If you’re not already terrified about the potential human cost of TTIP, these examples will do it

Ruby Stockham

In one of the most famous cases of TTIP-like nightmares, tobacco ‘giant’ Philip Morris sued Uruguay for its anti-smoking campaign

Unfortunately, the Transatlantic Trade and Investment Partnership (TTIP) is not very interesting. Part of the reason that the super secretive trade deal has been able to dodge scrutiny so nimbly is that the nuance of the legislation hardly makes for great headlines. Crucially, TTIP doesn’t have a face.

But it will do. If the deal goes through, there will be no shortage of human stories about the harm it has caused.

Take, for example, the farmers who will see their income fall by 0.5 per cent (the EU’s own estimate) if the partnership is implemented. TTIP’s deregulatory approach will lower EU food and environmental safety standards to bring them in line with those of the US. This will lead to an increase in factory farming that will harm both the environment and the livelihoods of farmers in the UK and across Europe.

And what about the animals themselves? The US has far fewer regulations on farm animal welfare than the EU does. It uses, for example, barren battery cages for hens, too small for a single animal to spread its wings in and yet employed to house three or four. You don’t have to be an animal lover to see that a deal which brings Europe down to this level is absolutely regressive.

For farmers, this is that ‘race to the bottom’ so beloved of the Conservatives – they’ll have to choose between lowering their standards of welfare, and trying to stay upright in a sea of aggressive corporate competition.

Then there’s the NHS. There is still a great deal of uncertainty around what TTIP will mean for the NHS, and the negotiators have a great aptitude for keeping the details murky.

The EU says that it will negotiate an exemption from the deal for publicly funded health services, and UK MEPs have scrambled to echo this. But what constitutes a ‘health’ service? What about those parts of the NHS that are not directly related to patient care like catering, IT or administrative services? Outsourcing these to private providers would still push up costs overall; perhaps more importantly, these privatised services would prioritise the rights of the corporations who own them over the patient in their care.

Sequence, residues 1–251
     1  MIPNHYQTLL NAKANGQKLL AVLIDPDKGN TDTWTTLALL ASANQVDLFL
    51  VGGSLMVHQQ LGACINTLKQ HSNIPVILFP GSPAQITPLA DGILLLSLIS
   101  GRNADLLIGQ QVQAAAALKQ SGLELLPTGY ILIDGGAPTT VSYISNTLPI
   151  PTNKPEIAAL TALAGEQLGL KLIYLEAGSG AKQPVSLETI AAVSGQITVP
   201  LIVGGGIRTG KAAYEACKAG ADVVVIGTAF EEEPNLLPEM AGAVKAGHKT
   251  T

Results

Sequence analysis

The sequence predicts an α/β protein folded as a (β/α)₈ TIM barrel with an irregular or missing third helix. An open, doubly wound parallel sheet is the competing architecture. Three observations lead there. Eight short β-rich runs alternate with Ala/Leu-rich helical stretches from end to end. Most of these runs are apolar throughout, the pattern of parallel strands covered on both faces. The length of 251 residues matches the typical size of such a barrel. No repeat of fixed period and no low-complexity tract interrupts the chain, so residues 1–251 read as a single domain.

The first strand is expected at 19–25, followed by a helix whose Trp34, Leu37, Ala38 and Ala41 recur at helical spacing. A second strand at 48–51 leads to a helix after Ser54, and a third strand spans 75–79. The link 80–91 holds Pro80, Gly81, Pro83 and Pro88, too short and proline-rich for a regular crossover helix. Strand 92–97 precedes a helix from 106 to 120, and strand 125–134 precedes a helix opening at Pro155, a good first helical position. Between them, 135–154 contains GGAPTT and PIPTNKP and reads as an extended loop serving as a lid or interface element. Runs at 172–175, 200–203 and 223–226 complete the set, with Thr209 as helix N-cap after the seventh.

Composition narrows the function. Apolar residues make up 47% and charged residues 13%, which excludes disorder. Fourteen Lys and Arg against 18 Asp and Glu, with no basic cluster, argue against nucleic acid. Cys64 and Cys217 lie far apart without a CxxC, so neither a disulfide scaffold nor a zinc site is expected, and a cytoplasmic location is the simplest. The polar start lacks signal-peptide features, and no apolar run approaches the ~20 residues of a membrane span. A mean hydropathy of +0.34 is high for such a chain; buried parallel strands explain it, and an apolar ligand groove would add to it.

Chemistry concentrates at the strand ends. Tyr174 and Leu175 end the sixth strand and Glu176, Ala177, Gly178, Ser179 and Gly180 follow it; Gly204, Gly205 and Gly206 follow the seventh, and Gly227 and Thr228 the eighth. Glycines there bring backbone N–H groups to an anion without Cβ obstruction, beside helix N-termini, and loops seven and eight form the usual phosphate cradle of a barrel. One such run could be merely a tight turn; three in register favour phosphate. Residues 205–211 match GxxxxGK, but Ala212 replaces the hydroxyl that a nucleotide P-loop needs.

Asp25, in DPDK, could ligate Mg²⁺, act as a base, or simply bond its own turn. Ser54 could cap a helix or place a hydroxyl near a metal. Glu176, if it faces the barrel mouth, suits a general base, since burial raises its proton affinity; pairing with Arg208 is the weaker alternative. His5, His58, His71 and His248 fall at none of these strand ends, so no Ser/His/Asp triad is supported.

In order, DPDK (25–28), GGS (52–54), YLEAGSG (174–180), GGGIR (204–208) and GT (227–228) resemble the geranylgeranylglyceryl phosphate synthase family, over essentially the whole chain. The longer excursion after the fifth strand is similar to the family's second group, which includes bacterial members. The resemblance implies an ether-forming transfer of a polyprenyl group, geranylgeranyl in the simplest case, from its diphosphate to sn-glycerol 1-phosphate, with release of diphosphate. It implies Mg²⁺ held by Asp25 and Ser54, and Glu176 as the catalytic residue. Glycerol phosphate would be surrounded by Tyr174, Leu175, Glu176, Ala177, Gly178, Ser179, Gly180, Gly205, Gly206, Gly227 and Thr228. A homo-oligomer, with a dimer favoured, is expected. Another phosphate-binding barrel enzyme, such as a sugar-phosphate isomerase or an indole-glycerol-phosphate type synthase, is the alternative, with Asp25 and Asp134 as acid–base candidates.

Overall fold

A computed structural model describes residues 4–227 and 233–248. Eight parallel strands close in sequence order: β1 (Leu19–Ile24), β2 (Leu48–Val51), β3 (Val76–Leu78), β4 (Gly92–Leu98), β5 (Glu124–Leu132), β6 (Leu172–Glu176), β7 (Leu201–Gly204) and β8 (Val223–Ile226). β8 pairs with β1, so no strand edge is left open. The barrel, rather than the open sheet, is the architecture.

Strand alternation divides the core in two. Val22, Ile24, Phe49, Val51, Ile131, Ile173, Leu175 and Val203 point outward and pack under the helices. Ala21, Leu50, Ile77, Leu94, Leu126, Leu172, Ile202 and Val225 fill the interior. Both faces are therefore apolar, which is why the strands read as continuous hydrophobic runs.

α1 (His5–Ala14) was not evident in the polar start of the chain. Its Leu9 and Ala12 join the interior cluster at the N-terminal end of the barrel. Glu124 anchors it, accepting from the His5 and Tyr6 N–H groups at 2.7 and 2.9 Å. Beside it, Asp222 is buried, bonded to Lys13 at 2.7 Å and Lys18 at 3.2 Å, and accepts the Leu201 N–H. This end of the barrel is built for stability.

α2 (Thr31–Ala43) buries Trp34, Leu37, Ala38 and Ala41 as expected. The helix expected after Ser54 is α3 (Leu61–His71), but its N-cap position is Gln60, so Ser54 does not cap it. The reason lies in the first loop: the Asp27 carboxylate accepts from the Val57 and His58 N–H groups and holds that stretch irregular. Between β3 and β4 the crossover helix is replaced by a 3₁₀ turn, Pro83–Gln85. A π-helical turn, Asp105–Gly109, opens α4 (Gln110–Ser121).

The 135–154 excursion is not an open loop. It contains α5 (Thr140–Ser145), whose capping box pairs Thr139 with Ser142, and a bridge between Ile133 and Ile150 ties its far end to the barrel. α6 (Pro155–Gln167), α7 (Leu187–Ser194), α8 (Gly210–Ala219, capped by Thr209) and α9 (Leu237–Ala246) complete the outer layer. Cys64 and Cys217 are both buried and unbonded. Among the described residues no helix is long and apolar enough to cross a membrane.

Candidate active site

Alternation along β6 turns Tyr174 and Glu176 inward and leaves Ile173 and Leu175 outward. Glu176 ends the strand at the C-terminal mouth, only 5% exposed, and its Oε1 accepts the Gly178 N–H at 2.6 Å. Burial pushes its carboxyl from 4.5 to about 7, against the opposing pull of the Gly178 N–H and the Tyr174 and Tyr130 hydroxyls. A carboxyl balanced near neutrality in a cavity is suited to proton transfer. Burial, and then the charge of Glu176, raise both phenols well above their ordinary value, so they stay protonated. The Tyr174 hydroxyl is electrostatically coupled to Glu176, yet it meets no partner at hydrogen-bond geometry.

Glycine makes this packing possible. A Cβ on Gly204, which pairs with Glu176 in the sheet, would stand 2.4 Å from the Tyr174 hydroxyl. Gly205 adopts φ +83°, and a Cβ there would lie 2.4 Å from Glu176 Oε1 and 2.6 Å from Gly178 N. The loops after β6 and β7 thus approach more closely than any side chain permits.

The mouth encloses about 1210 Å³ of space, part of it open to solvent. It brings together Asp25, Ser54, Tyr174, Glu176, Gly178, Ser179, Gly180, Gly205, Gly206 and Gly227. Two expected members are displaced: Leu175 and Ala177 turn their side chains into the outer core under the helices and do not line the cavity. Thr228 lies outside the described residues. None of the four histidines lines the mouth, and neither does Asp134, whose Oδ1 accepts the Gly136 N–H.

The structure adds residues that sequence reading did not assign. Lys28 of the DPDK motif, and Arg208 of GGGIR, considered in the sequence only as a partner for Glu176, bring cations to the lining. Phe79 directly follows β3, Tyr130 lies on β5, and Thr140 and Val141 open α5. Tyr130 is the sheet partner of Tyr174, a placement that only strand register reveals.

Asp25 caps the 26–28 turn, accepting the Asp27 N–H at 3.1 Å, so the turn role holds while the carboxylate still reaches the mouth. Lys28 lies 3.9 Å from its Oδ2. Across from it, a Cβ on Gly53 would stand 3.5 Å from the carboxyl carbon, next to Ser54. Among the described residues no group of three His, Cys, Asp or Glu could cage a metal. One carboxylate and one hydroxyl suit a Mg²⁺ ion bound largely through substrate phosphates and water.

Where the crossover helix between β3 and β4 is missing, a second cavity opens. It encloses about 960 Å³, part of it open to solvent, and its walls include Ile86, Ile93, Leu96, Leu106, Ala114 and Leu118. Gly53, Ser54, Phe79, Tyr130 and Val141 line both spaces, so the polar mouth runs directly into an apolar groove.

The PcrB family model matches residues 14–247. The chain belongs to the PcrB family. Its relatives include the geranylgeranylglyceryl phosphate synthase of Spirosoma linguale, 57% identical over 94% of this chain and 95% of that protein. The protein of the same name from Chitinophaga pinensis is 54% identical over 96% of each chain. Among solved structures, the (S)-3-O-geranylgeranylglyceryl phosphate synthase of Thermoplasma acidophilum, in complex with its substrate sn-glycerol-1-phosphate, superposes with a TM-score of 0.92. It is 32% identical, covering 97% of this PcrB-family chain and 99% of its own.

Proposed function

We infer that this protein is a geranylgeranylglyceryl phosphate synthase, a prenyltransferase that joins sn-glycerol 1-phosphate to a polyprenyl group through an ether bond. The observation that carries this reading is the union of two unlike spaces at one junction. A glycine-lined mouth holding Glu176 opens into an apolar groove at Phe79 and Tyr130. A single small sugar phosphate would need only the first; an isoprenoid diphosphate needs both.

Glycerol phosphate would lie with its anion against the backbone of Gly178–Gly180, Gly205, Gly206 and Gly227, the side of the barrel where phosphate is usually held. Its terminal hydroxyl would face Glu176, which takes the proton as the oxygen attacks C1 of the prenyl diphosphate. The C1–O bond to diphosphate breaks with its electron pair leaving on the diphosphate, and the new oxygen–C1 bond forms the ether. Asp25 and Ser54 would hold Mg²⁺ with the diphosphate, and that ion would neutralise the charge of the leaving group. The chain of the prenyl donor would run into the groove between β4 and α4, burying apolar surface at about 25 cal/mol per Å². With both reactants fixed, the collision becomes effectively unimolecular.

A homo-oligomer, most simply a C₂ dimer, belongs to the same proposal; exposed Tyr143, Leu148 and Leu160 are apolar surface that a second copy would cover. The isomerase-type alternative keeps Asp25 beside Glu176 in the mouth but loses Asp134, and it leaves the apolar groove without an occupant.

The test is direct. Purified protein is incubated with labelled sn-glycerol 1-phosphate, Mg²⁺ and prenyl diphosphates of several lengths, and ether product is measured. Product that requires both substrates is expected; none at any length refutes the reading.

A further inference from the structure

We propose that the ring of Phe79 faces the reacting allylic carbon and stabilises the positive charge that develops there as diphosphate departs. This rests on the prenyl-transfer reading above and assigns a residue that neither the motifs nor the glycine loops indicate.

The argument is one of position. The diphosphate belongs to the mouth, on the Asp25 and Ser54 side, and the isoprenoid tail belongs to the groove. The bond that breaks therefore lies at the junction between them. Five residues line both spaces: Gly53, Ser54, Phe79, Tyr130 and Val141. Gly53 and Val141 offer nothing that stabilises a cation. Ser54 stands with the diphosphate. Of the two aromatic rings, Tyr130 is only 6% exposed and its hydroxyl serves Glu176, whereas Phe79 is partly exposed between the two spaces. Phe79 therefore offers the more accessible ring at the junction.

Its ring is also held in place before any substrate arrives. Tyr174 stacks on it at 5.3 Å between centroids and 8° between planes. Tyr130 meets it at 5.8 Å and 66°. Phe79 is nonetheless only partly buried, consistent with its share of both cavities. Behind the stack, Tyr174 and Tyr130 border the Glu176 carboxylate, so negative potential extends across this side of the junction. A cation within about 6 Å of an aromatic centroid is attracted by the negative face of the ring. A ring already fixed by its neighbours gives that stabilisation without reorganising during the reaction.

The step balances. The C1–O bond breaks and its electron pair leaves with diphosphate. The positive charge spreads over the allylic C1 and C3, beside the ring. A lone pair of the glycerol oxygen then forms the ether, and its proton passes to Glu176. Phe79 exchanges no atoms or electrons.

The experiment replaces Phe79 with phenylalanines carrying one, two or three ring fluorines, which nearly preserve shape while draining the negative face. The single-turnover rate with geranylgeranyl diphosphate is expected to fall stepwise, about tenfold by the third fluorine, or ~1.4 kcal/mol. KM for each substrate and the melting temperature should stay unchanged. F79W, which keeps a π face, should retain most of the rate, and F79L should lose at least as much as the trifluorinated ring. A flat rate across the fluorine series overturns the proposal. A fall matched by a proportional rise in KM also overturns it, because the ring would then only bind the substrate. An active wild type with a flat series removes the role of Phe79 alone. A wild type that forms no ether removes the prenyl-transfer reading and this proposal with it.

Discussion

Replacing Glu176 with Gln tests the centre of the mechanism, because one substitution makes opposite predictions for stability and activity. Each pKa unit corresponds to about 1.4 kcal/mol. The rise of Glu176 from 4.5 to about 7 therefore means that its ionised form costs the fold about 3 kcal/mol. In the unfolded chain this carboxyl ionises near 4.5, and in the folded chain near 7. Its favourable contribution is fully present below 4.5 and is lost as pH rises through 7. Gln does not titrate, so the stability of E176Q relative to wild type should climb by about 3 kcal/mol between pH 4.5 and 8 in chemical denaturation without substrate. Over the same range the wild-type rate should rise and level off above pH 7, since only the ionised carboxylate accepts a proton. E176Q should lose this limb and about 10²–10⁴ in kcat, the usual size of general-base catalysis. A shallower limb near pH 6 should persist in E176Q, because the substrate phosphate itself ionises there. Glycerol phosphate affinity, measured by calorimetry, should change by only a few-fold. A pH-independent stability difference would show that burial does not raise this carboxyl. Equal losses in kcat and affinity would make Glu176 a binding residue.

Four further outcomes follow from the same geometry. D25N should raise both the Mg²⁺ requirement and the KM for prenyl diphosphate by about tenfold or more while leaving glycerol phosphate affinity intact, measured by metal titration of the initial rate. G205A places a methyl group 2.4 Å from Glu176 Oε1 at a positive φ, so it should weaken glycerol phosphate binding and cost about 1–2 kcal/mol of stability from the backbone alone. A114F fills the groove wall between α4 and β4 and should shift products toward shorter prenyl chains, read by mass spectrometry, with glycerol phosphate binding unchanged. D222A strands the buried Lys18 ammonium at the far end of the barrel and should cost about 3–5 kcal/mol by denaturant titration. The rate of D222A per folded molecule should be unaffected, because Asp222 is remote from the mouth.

For a complete picture of the suffering this changed NHS would cause in the UK, consider alongside it the power TTIP would give corporations like tobacco companies to sue governments for health campaigns detrimental to their profits. In the most famous case, scary-sounding tobacco ‘giant’ Philip Morris sued Uruguay for its anti-smoking campaign. This is nothing short of a public health catastrophe.

And it’s not just Europe that will be affected by this deal. A lot depends on the wording of the final draft (currently due 2016) but in essence it would make it hard for non-TTIP countries to export processed goods. It could mean that a country like the Ivory Coast, which is the world’s largest cocoa producer, would only be able to export cocoa beans in their raw form. The country would begin to lose customers at the very moment international trade is helping to industrialise it.

This Saturday, thousands of campaigners will be taking part in a country-wide day of action, handing out leaflets and informing the public about this deal which will have such huge repercussions for this generation and the next. You can find out about what’s going on in your area here.

There’s no denying that TTIP is kind of boring, and the reading matter is dry as dust. But it’s important that we fight to know what’s happening as this deal murmurs on behind closed doors, because it is in the interests of some very powerful people to ensure that we do not.